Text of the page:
Radon testing in your home
Did you know that January is National Radon Action Month? The U.S. Environmental Protection Agency and U.S. Surgeon General wants to encourage everyone to test their homes for radon. One in fifteen homes in the U.S. has high radon levels.
The winter months are a perfect time to do the testing for all our windows are shut providing the ideal environment for testing.
Radon is the second leading cause of lung cancer; smoking is number one. If you smoke and you have high levels of Radon you have an even greater risk for developing lung cancer. Radon is a gas that comes from the natural breakdown of uranium in soil, rock and water. It enters our homes through cracks and opening in the foundations of our homes. It is found all over the U.S. and can get into any type of building. However, we are most at risk in our home because that is where we spend most of our time.
Radon Testing is easy. You can test your home yourself or hire a qualified radon test company. One myth is that a neighbor's test result would be similar to yours. That is not true. Radon levels can vary greatly from home to home.
Radon testing involves setting up closed-house conditions for at least 12 hours before the test and during the test which usually runs 4-7 days. Closed-house conditions means keeping all windows closed, keeping doors closed except for normal entry and exit, and not operating fans or other machines which bring in air from outside Your heating and cooling systems are allowed to operate normally during the test. Make sure that the radon tester can provide information that the testing conditions were not violated during the testing period. If your level is above 4 pCi/L you need to fix your home.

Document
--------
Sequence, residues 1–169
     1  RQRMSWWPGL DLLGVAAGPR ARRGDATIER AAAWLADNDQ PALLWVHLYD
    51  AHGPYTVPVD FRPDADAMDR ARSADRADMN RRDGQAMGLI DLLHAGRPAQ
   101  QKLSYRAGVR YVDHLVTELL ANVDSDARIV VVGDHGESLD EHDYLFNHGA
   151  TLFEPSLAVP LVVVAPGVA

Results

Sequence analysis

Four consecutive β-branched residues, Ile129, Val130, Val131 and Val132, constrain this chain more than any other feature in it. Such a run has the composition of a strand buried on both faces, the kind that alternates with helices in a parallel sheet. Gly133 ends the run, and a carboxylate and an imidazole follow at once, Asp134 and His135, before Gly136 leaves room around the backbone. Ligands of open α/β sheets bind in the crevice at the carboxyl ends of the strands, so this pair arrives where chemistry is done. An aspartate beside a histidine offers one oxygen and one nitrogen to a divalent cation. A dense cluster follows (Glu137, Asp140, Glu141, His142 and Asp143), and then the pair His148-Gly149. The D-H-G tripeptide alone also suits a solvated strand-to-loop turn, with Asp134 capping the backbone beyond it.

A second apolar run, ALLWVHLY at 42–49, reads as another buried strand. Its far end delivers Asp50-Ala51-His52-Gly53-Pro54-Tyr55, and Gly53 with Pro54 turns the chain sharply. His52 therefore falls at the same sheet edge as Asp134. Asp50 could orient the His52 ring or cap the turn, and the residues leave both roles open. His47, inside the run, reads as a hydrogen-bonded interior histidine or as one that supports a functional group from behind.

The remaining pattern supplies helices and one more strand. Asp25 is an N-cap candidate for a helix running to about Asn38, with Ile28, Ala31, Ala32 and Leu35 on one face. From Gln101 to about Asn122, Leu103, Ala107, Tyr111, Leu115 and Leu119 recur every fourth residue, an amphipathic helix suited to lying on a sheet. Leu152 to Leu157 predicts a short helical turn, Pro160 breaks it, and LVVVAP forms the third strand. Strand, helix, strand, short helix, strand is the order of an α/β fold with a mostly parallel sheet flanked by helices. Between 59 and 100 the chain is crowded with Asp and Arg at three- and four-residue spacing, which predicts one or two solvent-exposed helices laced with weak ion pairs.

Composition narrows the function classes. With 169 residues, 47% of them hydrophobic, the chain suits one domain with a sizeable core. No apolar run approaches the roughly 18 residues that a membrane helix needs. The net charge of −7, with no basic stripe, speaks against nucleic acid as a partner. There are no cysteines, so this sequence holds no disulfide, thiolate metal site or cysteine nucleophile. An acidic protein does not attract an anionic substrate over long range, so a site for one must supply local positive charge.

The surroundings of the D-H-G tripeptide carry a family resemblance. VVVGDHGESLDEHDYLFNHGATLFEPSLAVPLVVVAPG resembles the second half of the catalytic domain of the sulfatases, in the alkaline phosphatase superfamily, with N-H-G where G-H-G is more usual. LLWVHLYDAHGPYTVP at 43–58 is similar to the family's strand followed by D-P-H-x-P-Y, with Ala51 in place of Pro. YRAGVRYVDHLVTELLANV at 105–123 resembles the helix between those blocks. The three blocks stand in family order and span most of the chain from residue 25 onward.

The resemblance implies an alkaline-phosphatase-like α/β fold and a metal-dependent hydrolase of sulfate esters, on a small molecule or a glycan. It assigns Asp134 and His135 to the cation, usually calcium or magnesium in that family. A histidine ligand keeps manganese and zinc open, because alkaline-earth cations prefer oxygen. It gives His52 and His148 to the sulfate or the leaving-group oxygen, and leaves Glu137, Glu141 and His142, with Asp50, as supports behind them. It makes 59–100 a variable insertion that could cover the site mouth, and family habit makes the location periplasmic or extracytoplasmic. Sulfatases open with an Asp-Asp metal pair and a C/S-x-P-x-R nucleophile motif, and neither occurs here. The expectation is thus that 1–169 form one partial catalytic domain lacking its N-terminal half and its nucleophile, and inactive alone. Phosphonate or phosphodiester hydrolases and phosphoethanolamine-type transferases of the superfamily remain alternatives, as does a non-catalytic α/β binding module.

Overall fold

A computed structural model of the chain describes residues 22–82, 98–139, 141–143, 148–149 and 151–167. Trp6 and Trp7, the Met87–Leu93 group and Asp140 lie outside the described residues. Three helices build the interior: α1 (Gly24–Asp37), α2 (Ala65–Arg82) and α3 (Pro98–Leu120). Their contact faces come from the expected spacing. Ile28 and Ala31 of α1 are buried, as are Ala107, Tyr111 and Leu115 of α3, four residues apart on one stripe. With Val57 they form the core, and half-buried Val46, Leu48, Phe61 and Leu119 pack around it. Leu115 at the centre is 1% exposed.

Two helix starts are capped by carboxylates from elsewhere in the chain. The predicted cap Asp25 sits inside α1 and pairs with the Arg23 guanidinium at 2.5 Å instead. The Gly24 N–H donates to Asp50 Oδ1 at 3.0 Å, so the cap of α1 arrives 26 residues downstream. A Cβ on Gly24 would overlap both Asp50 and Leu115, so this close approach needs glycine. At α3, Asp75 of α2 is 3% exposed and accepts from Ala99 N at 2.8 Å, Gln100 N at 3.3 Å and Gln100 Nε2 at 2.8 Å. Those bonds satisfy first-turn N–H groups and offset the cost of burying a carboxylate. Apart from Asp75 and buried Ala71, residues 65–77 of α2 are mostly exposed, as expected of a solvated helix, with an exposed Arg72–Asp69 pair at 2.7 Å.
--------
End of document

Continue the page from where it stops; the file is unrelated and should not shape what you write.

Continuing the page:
A temporary solution to lowering your Radon level is sealing cracks in your foundation. The permanent solution is getting a subslab depressurization system. This system consists of PVC piping and a special fan to collect and transport soil gases from under your foundation and exhaust them above the roof eave.
Radon Test Kits can be purchased for $12 from the Connecticut Chapter of the American Lung Association (www .alact.org). To get a list of qualified Radon test companies and qualified contractors to fix a radon problem go to the Department of Public Health website at www .dph.ct.us and look under Programs and Services and then Radon Program where you will find a list of professionals in the Radon Professionals section.
Radon can also enter homes through drinking water supplies. Radon can then enter the air from the water we use for showering, cooking or other water uses. Water from private wells often contain higher levels of radon than public water. It is still not clear in the scientific world what the risk of cancer is when radon is ingested. Since the higher risk is from the air make sure you first do a Radon Test of your air. If you have public water call your water supplier for the results of radon testing. If you have a private well call the Safe Drinking Water Hotline at 1-800-426-4791 for information on testing your water.
Happy Radon Testing.
Melanie Kier is the founder and president of the BOW Environmental Action Club